, , , , , , ,

Hello there fellow English teachers!

Here is a question I received today from a teacher who wants to use ESL games in his class, and he takes his English class at lunchtime.

“My childrens very active kids…

However..i have difficult to make them hear what i want to say…

They also can’t to understand the rules…

I have teach this class after lunch hour…”

So, here are my suggestions on how using ESL games can solve this problem:

Firstly it’s very difficult taking children at lunch hour. It is totally normal that they will be noisy – let’s face it this time is supposed to be play time for them, not more lessons. Thus it is doubly important to teach with ESL games rather than give any kind of traditional lesson. It’s supposed to be a break right?!

I have taught at lunch hour so I know what it is like – at least in England!

I would start calmly while I introduced the key vocabulary or target language using a quiet ESL flashcard game that can be played on the floor with everyone sitting in a circle. After that I would practise that vocabulary or language using more active ESL games that involved movement, including running.

For example try this ESL game: Put the children in teams with piles of flashcards at the end of the room and call out a vocabulary item, either the word alone, or that word used in a sentence that contains the target grammar or language structure you are wanting to practise. One member of each team runs down to their pile of cards, fishes out the relevant one and runs back to the team.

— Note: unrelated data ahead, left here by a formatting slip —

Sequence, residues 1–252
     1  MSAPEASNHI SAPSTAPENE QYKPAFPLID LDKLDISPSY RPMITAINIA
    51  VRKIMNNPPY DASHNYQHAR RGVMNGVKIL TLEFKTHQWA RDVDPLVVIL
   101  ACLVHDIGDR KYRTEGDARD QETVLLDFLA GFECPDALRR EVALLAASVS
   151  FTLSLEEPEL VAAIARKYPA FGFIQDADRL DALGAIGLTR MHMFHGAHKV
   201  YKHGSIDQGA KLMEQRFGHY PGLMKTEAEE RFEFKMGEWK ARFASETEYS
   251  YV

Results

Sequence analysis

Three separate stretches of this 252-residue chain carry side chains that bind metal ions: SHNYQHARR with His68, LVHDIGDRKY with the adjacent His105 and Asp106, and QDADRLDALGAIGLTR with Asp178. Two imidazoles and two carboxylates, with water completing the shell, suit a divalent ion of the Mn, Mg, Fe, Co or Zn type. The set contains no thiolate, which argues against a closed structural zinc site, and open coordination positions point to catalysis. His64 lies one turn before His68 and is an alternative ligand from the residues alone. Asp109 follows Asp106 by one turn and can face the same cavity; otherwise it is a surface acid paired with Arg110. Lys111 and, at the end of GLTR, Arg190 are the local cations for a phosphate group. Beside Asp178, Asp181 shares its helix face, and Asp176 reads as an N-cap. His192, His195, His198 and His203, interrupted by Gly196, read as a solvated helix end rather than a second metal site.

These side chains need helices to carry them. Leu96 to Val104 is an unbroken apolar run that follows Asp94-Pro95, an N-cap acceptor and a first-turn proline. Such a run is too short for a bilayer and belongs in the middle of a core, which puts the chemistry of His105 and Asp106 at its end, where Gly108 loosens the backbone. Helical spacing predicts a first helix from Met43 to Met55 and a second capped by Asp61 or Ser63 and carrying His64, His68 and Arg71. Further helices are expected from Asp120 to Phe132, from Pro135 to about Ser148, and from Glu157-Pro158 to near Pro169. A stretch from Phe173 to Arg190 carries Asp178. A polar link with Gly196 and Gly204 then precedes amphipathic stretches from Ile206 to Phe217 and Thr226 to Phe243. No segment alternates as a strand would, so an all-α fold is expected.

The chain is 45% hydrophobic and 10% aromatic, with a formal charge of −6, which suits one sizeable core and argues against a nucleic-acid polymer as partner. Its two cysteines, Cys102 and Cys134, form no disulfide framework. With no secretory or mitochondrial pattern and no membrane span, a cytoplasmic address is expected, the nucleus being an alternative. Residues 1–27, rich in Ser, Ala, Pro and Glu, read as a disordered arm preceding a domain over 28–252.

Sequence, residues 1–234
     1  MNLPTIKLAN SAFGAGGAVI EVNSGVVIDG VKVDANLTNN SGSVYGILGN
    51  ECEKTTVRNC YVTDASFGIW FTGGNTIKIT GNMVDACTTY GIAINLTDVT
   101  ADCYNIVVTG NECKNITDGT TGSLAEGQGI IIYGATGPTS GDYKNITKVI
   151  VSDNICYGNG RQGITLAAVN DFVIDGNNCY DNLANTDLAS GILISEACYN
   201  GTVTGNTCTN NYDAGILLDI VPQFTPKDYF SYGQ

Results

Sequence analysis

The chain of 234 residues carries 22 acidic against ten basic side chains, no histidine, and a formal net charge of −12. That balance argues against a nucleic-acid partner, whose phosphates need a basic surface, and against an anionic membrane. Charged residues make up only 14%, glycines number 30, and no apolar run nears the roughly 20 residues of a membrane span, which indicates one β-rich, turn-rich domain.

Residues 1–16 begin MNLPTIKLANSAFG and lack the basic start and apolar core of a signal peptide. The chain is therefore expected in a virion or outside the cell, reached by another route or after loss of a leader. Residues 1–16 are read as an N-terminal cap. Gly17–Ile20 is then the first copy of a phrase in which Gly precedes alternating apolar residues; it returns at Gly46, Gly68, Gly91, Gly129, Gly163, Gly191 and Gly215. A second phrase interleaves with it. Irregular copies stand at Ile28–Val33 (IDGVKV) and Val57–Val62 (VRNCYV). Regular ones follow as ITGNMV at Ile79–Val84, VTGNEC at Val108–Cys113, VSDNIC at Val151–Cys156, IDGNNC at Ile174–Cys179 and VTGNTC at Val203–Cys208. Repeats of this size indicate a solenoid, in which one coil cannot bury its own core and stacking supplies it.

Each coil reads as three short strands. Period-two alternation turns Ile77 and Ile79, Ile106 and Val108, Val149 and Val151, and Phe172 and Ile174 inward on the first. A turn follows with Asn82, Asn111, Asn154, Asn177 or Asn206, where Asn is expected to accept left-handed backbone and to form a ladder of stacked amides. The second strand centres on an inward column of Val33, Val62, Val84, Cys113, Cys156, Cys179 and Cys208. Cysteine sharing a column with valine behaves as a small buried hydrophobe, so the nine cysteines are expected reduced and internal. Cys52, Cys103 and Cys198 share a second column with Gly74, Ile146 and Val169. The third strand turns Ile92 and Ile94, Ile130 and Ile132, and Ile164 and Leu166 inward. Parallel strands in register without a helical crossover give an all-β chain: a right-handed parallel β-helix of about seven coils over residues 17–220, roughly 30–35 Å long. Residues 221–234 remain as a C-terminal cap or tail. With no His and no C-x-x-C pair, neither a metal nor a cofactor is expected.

This way you keep their lunch hour lesson like a play time, but with learning through ESL games. Personally I think kids should be allowed to play and run around. So YES they won’t learn quite as much as if you had them in a classroom at 9 o’clock in the morning, but they will still learn something and they won’t be robbed of their play time totally either.

Now regarding explaining the ESL games; well if you can’t explain them, that’s no problem, you DEMONSTRATE them so you actually show the children what they are to do.

After you have shown them yourself you show them again with a couple of students who demonstrate the ESL game again. Then you should be ready to play the game with the class.

Getting the most language out of an ESL game:

Whenever you are demonstrating an ESL game use simple commands in English such as “listen” – you name the flashcard, “run to the pictures” – then you run down to the pictures, “pick up the picture” – you demonstrate this, and so on.

This way in addition to the vocabulary you are practising with the flashcards you are also teaching useful verbs and other language, all through the use of an ESL game. As the children understand these commands more and more, it will make your job a lot easier too!